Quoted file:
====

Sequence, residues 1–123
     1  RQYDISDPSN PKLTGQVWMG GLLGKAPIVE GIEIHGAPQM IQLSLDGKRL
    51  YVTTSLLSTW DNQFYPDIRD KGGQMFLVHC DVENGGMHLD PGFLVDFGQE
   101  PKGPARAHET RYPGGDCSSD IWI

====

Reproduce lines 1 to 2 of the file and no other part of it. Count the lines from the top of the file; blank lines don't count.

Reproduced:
Sequence, residues 1–123
     1  RQYDISDPSN PKLTGQVWMG GLLGKAPIVE GIEIHGAPQM IQLSLDGKRL